Take the 2-minute tour ×
Motor Vehicle Maintenance & Repair Stack Exchange is a question and answer site for mechanics and DIY enthusiast owners of cars, trucks, and motorcycles. It's 100% free, no registration required.

I have a 2003 Ford Explorer that hasn't been idling well lately. It normally idles around 800 or 900 rpms, but lately it will slow down to 400 or 500, then burst up to 1100 and repeat the process again. It doesn't do this all the time, maybe only half-time. Occasionally the rpms get so low that the engine dies, but that only seems to happen when I'm turning AND braking at the same time.

I don't have any idea what's causing it, and I really haven't even pinned down a common variable for when it happens. It seems to have started with the cold weather, but even then I couldn't tell you for sure.

Does anyone have any ideas or suggestions before I take it in to the shop?

share|improve this question
    
Is your car due a service? My first thought would be something like a MAF or lambda sensor, but if it's due some service items (Plugs, leads, air filter etc) then it might be worth doing that first. How does it run when you're above 1000rpm? And is it diesel or petrol? –  Dan Jan 1 '13 at 18:05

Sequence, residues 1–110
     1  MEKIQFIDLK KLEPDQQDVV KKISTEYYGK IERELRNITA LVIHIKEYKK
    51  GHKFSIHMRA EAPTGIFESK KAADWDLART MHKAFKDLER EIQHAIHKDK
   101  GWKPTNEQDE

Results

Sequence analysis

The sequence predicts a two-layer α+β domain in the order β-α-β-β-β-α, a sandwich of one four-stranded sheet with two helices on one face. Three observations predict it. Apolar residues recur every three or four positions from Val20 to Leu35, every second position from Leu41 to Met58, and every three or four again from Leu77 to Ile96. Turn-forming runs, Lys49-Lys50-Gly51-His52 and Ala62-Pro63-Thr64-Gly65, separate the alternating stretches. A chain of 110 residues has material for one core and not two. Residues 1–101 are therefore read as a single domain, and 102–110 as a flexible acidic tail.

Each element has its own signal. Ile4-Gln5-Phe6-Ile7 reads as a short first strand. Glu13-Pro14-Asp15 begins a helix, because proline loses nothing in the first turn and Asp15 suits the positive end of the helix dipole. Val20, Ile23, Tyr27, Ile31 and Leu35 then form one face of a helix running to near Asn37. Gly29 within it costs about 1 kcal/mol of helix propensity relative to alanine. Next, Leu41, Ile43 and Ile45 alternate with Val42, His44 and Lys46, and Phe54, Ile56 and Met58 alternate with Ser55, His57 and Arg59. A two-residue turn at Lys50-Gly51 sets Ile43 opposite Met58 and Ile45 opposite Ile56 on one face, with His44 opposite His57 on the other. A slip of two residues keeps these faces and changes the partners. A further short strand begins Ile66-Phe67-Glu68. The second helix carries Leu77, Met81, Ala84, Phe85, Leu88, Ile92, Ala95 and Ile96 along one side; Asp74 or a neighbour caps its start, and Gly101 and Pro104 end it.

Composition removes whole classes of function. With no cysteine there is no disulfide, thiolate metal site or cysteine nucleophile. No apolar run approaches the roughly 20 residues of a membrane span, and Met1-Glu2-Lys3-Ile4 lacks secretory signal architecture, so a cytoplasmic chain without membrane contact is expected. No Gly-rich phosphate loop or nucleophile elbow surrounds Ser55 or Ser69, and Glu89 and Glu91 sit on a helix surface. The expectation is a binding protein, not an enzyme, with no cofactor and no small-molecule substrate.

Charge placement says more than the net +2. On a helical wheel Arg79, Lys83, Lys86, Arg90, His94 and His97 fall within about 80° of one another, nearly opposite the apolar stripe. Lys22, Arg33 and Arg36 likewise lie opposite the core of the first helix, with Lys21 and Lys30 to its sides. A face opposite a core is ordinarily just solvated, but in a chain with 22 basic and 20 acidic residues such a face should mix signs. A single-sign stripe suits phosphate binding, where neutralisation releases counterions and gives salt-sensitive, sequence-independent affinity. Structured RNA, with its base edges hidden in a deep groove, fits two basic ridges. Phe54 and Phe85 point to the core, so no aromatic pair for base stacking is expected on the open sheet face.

An air leak would be my other guess –  Dan Jan 1 '13 at 21:52
    
I'm not sure if it's due or not. I just bought it in August, and these problems are just showing up for the first time. Above 1000 rpms it runs perfect. –  jdickson Jan 2 '13 at 16:16
add comment

2 Answers

up vote 4 down vote accepted

It might be the intermittent failure of an idle speed solenoid. They go by a bazillion different names and have just as many variations. For example:

  • Fast Idle Valve
  • Idle-up solenoid
  • Accessory Valve/Solenoid
  • Auxiliary Air Valve
  • Et cetera...

It may also be, as noted in your comments, an air leak somewhere. Seeing as how it works fine above a certain RPM, I'd be willing to bet it's an idle speed solenoid of some type. Typically air leaks result in poor mileage.

share|improve this answer
1  
Thanks Nick, you nailed it. After a good cleaning with throttle body cleaner the fluctuations stopped, but the RPMs were still low. I finally replaced it (Ford calls it the IAC valve, stands for idle air control valve) and it's been running like a champ ever since. Easy fix too. –  jdickson Feb 27 '13 at 22:38
add comment

Check for vacuum hoses that are torn, disconnected, or missing. You brake system relies on vacuum and an idle speed that is affected by holding the brakes probably has a weak vacuum. You can get a cheap gauge at an auto part place that will quickly tell you if you are in spec.

share|improve this answer
add comment

Your Answer

 
discard

By posting your answer, you agree to the privacy policy and terms of service.

Not the answer you're looking for? Browse other questions tagged or ask your own question.